Over at the National Post, John Turley-Ewart posted Toronto environmental-mania gets worse. Far improved over the average congestion-related post, I had only two complaints.

John is right that the mechanics of Councillor Cho's parking-rate-based-on-passenger count idea would be a nightmare. But I am still glad the Councillor suggested it. It shows that congestion thought processes are alive at City Hall and that cannot be all bad. If only they can keep thinking long enough…

John was even more right that road toll money must go to maintain-and-build roads as well as transit. Part of our accountability problem is that we have been careless about investing in transportation services with the vehicular and road taxes we do collect. While there is much debate regarding whether our fuel taxes are sufficient to cover the cost of roads (it isn't), the fact that we assign those taxes to a general fund and then use other tax bases for roads helps obfuscate the fact that our transportation systems (roads, transit, bike and walkways) have started going bust long ago. Having transportation finance organized in a way that allows one government to redirect road taxes to other purposes while forcing another to raise property taxes to cover transportation shortfalls only adds to the deeper underlying problem: the automatic entitlement we believe we have to free access to roads. Many motorists whine: “Hey, I pay with my gas tax!” Well, they don’t. That money, insufficient as it is, can be used elsewhere while property owners make up the shortfall. That means that most of the bicyclists and pedestrians that have the gall to get in the way of our cars are helping to pay for the roads we drive on whether or not they drive (even renters generate property tax payments, albeit indirectly).

Of course transit is also heavily subsidized (well it was back when), so the full picture is impossible for most of us to sort through. But one thing is clear; the current financial architecture and usage entitlements are unsustainable (sorry if that word sounds borrowed from “environmental-mania”).

The one John got wrong, however, is the critical one. The one that almost everyone assumes to be a first principal. The one that totally freezes the mind at all levels of government – and in the press. In his words: “What Toronto needs is a vastly expanded transit system – along the lines of the kind you find in Madrid and Berlin. Only then will people be able to leave their cars at home. But until that time, all the talk about getting Torontonians out of their cars is little more than noxious hot air.”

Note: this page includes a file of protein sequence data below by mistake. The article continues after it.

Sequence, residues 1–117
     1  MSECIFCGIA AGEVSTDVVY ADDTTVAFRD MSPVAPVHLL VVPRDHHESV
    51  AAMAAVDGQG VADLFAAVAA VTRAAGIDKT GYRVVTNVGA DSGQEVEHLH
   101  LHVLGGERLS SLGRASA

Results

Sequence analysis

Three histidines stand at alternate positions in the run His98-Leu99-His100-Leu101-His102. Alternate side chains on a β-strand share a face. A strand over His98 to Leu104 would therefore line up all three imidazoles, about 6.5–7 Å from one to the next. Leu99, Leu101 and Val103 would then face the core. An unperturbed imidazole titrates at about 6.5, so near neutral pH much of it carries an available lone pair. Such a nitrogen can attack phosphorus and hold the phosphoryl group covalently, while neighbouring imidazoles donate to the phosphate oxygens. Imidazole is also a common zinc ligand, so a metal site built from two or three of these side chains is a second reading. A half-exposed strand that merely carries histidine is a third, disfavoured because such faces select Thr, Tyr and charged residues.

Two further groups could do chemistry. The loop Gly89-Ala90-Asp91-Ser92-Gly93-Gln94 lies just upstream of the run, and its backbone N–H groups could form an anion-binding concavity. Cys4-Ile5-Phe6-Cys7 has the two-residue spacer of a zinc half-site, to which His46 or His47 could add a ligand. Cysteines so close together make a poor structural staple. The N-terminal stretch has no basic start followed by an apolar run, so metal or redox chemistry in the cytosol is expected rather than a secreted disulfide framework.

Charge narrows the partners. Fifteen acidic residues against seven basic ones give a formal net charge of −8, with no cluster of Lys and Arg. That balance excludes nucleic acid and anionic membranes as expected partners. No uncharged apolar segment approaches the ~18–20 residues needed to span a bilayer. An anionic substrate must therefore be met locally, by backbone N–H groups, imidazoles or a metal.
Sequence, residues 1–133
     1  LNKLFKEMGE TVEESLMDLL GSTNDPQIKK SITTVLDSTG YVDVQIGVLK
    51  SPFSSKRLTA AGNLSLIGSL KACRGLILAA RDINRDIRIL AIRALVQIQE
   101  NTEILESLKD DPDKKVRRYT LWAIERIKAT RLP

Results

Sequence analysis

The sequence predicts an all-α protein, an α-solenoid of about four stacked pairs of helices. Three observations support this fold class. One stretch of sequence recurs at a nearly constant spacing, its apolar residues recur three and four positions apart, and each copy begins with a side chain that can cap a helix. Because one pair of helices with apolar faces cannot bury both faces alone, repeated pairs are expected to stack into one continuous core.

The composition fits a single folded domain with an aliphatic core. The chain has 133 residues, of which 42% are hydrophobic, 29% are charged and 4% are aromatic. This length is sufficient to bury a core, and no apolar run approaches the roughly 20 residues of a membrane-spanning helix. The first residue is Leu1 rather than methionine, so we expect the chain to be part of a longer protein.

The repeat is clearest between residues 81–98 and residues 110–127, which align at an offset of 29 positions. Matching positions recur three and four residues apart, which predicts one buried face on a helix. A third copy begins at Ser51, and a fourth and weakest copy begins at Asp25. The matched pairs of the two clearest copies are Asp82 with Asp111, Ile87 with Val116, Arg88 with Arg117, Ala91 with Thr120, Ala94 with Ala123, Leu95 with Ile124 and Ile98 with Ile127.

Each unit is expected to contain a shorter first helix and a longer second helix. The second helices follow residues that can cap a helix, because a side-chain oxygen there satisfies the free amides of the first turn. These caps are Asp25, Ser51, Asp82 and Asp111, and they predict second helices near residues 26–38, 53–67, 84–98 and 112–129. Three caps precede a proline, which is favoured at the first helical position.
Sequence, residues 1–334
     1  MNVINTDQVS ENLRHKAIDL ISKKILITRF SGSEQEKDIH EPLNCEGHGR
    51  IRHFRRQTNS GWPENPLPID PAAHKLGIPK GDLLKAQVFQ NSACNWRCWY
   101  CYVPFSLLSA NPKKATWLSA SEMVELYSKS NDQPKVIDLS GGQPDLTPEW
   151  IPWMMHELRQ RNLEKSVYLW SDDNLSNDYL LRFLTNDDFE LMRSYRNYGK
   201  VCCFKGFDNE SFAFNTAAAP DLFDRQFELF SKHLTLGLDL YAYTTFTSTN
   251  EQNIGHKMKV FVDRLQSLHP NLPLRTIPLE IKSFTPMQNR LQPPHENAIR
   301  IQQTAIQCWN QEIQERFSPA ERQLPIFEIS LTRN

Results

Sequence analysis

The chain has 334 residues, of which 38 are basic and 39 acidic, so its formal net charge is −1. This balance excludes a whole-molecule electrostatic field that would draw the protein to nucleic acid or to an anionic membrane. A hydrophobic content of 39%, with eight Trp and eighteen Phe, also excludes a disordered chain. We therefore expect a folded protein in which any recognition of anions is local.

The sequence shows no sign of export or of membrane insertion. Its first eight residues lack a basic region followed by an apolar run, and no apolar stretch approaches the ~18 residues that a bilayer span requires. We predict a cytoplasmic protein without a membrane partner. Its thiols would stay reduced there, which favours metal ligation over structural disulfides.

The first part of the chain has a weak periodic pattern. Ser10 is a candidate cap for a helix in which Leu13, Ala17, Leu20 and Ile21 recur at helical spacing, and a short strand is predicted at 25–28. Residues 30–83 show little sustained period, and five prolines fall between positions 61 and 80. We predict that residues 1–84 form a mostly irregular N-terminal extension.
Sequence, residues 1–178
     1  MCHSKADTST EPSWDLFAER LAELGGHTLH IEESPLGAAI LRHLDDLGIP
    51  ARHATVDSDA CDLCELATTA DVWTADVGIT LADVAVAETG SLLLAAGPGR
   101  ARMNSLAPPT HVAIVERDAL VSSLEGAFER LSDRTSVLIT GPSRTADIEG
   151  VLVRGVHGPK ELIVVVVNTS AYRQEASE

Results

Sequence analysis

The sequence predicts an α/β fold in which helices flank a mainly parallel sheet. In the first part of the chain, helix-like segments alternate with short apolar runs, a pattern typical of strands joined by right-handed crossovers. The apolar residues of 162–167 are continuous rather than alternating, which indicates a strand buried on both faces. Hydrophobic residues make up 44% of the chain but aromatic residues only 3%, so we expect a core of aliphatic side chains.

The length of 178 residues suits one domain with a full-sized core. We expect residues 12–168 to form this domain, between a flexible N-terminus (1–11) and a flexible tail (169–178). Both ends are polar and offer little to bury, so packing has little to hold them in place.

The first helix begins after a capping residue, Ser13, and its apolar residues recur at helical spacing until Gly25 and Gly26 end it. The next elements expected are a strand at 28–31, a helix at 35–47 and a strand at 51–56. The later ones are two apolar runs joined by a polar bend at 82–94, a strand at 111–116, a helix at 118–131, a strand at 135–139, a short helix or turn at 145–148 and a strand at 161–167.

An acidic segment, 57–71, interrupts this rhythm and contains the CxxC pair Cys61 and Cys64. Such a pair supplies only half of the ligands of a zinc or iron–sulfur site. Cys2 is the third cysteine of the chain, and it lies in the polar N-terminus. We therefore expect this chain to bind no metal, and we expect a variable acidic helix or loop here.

If he were right, as so many may assume, we should just save the hot air now. There is no way that a vastly expanded subway system to match Madrid’s or Berlin’s will be installed in our lifetimes. Look at the Madrid or the Berlin subway maps compared to ours, and decide for yourself.

Rather, the solution to this quandary has already been tried and proven: you add the necessary bus routes on the same day that you institute a business district congestion charge. As the London Congestion Charge settled in, subway ridership went DOWN and bus ridership went UP. Few guessed this would happen. Why so? Only a minority of any urban population lives 3 blocks from a subway stop. A significant percentage is driven there by a spouse or parks near one in order to avoid taking a bus. The bus is horribly slow due to congestion and its infrequent arrivals due to lack of interest drives a simple equation: people hate buses because when competing with automotive congestion they are even slower than a car. A bus will only make you later. We actually do value our time. When the roads are priced and the bus can whip along, taking the bus is not only better than taking the car, for many it is also better than taking the subway, precisely because buses are suddenly faster, arrive more frequently, and is more likely to stop a block away than would the subway. The best way to get from A to B is to get onto a single moving conveyance close to A, zip over close to B and get off. So car+subway, or bus+subway, or bus+bus+bus, or other time-consuming combination does not cut it. If we had the right balance between road pricing and bus (and jitney) services, we would all have smarter choices. I guarantee you that of you gave our transit engineers money for a several hundred more buses while decongesting the roads, they could rework the schedules pretty fast. I am tired of waiting 10-15 minutes at a bus stop.

Lastly, I couldn’t help note the sarcastic “environmental-mania” in John’s title. It is true that there is an element of fad in the current green blitz. Anything that gets overexposed in the press always has that problem. But I for one (a free-market libertarian that advocates congestion pricing for its right-wing economic and productivity value every bit as much as for its left-wing environmental value) welcome Green House Fright and the Second Coming of the Club of Rome as the prod that will finally turn our collective attention to our personal transport assumptions.

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